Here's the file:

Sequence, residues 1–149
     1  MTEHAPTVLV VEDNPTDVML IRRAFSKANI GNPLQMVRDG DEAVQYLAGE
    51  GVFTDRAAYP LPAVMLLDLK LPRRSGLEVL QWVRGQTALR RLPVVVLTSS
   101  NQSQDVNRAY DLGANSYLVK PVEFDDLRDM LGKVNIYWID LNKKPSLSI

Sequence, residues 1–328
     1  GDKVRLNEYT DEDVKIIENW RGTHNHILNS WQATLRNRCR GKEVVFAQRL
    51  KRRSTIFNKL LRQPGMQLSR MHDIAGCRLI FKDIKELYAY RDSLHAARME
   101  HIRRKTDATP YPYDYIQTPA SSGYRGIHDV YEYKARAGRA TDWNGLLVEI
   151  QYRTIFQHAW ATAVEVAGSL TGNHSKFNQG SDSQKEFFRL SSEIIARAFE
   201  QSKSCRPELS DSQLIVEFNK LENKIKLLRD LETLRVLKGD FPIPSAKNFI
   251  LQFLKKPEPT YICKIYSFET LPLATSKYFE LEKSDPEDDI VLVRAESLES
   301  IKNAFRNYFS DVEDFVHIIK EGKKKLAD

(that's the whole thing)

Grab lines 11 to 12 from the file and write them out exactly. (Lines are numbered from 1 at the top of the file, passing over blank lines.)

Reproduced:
   251  LQFLKKPEPT YICKIYSFET LPLATSKYFE LEKSDPEDDI VLVRAESLES
   301  IKNAFRNYFS DVEDFVHIIK EGKKKLAD